Despite this similarity there is one particularly important difference:

  • The safe ways to change remote-tracking branches are with git fetch or as a side-effect of git-push; you can’t work on remote-tracking branches directly. In contrast, you can always switch to local branches and create new commits to move the tip of the branch forward.

So what you mostly do with remote-tracking branches is one of the following:

  • Update them with git fetch
  • Merge from them into your current branch
  • Create new local branches based on them

Creating local branches based on remote-tracking branches

If you want to create a local branch based on a remote-tracking branch (i.e. in order to actually work on it) you can do that with git branch –track or git checkout –track -b, which is similar but it also switches your working tree to the newly created local branch. For example, if you see in git branch -r that there’s a remote-tracking branch called origin/refactored that you want, you would use the command:

    git checkout --track -b refactored origin/refactored

In this example “refactored” is the name of the new branch and “origin/refactored” is the name of existing remote-tracking branch to base it on. (In recent versions of git the “–track” option is actually unnecessary since it’s implied when the final parameter is a remote-tracking branch, as in this example.)

The “–track” option sets up some configuration variables that associate the local branch with the remote-tracking branch. These are useful chiefly for two things:

  • They allow git pull to know what to merge after fetching new remote-tracking branches.
  • If you do git checkout to a local branch which has been set up in this way, it will give you a helpful message such as:
    Your branch and the tracked remote branch 'origin/master'
    have diverged, and respectively have 3 and 384 different
    commit(s) each.

… or:

    Your branch is behind the tracked remote branch
    'origin/master' by 3 commits, and can be fast-forwarded.

The configuration variables that allow this are called “branch.<local-branch-name>.merge” and “branch.<local-branch-name>.remote”, but you probably don’t need to worry about them.

You have probably noticed that after cloning from an established remote repository git branch -r lists many remote-tracking branches, but you only have one local branch. In that case, a variation of the command above is what you need to set up local branches that track those remote-tracking branches.

You might care to note some confusing terminology here: the word “track” in “–track” means tracking of a remote-tracking branch by a local branch, whereas in “remote-tracking branch” it means the tracking of a branch in a remote repository by the remote-tracking branch. Somewhat confusing…

Now, let’s look at an example of how to update from a remote repository, and then how to push changes to a new repository.

Updating from a Remote Repository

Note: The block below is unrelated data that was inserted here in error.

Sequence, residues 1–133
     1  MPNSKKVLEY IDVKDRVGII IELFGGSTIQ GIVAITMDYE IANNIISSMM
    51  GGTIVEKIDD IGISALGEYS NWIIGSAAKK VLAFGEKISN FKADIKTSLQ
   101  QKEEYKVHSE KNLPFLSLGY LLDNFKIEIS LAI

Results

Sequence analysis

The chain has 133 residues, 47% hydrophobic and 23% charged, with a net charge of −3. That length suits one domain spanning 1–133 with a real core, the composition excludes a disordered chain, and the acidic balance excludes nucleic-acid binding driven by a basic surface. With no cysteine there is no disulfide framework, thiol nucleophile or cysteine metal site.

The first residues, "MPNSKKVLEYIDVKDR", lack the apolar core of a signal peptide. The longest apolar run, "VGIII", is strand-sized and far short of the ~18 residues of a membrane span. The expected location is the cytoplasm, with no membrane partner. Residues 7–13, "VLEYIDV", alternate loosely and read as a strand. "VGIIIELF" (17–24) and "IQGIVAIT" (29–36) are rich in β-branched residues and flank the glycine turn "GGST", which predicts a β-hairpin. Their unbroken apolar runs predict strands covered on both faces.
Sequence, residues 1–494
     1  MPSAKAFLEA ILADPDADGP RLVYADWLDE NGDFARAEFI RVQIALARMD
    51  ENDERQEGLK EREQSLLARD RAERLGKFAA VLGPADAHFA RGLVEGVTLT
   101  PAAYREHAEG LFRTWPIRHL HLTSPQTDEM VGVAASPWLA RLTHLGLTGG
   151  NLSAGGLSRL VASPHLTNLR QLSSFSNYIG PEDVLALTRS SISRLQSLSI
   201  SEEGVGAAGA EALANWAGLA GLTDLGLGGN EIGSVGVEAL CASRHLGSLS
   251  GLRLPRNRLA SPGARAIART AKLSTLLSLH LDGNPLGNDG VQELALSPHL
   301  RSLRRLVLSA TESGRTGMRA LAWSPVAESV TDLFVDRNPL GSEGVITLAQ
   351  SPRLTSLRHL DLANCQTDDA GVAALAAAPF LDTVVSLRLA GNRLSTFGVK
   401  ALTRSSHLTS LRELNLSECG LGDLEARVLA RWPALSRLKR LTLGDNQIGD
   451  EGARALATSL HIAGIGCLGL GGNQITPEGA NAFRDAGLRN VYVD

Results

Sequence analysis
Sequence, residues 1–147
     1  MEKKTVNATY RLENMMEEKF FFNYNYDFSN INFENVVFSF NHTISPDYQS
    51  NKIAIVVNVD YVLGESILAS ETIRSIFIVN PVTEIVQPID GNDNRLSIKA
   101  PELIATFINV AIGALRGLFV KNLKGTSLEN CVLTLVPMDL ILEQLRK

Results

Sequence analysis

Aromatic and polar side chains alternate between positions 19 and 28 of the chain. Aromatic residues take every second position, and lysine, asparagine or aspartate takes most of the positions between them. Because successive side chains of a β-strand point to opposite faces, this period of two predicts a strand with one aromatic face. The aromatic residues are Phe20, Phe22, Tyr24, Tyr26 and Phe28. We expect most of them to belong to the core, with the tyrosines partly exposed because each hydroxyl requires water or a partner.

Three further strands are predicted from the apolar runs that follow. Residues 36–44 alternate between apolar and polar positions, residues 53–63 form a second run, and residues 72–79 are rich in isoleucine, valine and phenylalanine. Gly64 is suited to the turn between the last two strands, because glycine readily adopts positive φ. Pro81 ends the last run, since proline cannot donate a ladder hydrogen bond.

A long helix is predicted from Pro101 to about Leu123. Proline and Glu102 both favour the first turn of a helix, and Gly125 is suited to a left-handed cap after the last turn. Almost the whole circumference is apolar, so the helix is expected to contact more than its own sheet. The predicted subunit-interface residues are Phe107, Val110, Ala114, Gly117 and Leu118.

So, if I want get changes from the remote repository called “origin” into my local repository I’ll type git fetch origin and you might see some output like this:

  remote: Counting objects: 382, done.
  remote: Compressing objects: 100% (203/203), done.
  remote: Total 278 (delta 177), reused 103 (delta 59)
  Receiving objects: 100% (278/278), 4.89 MiB | 539 KiB/s, done.
  Resolving deltas: 100% (177/177), completed with 40 local objects.
  From ssh://
     3036acc..9eb5e40  debian-release-20081030 -> origin/debian-release-20081030
   * [new branch]      debian-release-20081112 -> origin/debian-release-20081112
   * [new branch]      debian-release-20081112.1 -> origin/debian-release-20081112.1
     3d619e7..6260626  master     -> origin/master

The most important bits here are the lines like these:

     3036acc..9eb5e40  debian-release-20081030 -> origin/debian-release-20081030
   * [new branch]      debian-release-20081112 -> origin/debian-release-20081112

The first line of these two shows that your remote-tracking branch origin/debian-release-20081030 has been advanced from the commit 3036acc to 9eb5e40. The bit before the arrow is the name of the branch in the remote repository. The second line similarly show that since we last did this, a new remote tracking branch has been created. (git fetch may also fetch new tags if they have appeared in the remote repository.)

The lines before those are git fetch working out exactly which objects it will need to download to our local repository’s pool of objects, so that they will be available locally for anything we want to do with these updated branches and tags.

git fetch doesn’t touch your working tree at all, so gives you a little breathing space to decide what you want to do next. To actually bring the changes from the remote branch into your working tree, you have to do a git merge. So, for instance, if I’m working on “master” (after a git checkout master) then I can merge in the changes that we’ve just got from origin with:

    git merge origin/master

(This might be a fast-forward, if you haven’t created any new commits that aren’t on master in the remote repository, or it might be a more complicated merge.)

If instead you just wanted to see what the differences are between your branch and the remote one, you could do that with:

    git diff master origin/master

This is the nice point about fetching and merging separately: it gives you the chance to examine what you’ve fetched before deciding what to do next. Also, by doing this separately the distinction between when you should use a local branch name and a remote-tracking branch name becomes clear very quickly.